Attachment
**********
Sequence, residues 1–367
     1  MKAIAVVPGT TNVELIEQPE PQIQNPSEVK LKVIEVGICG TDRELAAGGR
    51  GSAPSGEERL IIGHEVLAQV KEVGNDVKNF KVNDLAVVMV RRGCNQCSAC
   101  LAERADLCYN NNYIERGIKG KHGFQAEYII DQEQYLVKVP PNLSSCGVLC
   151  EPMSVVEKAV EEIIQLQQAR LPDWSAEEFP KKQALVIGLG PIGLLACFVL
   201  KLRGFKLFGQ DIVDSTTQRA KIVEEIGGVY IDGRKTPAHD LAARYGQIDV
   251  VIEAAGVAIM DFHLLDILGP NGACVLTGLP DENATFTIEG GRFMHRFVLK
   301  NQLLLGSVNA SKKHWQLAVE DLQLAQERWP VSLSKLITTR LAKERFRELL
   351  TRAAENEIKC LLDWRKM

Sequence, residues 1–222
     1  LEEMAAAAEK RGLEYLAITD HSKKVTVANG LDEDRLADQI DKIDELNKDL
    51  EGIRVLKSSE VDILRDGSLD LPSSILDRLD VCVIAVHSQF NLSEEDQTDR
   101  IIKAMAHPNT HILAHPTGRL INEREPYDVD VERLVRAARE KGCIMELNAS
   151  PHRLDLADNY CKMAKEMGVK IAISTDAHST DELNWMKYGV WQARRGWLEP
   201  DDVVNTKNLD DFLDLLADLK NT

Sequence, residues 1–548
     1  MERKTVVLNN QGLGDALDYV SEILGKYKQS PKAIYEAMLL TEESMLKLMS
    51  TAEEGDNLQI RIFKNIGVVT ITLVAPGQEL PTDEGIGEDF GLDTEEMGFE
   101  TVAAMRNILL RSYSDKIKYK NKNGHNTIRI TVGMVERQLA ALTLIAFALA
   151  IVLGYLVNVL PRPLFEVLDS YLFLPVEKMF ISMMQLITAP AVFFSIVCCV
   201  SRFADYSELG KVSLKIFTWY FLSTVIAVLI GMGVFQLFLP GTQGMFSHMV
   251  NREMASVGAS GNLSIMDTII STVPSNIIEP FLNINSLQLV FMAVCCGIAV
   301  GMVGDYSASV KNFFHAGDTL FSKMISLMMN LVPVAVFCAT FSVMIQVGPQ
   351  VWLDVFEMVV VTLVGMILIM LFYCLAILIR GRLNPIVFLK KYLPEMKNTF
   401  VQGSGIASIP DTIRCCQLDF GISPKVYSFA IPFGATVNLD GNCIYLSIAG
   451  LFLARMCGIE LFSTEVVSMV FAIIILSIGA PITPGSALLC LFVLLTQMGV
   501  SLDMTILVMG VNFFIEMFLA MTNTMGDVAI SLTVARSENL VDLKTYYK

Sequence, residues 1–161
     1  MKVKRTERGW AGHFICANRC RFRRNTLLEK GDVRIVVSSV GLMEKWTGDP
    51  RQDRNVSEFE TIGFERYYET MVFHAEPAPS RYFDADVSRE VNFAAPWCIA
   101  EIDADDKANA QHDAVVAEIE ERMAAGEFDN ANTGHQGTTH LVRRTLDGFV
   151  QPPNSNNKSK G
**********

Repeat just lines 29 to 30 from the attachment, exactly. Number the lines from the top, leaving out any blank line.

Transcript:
     1  MKVKRTERGW AGHFICANRC RFRRNTLLEK GDVRIVVSSV GLMEKWTGDP
    51  RQDRNVSEFE TIGFERYYET MVFHAEPAPS RYFDADVSRE VNFAAPWCIA